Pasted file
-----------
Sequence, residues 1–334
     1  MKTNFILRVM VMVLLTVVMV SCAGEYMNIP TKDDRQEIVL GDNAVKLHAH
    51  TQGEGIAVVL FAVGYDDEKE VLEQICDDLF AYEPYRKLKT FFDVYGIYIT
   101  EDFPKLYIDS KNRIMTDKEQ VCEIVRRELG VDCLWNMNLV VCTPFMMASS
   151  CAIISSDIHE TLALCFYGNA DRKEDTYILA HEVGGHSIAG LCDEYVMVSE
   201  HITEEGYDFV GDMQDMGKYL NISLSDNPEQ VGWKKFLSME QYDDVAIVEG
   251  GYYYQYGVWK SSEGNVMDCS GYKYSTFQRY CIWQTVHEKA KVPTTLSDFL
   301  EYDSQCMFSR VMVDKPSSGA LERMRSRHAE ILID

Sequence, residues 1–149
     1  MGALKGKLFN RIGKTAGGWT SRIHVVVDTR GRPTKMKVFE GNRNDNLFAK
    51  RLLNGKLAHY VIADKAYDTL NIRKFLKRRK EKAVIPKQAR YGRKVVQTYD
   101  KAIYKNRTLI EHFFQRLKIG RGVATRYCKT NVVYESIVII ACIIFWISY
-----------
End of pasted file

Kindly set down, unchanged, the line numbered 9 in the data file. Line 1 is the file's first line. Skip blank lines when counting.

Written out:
Sequence, residues 1–149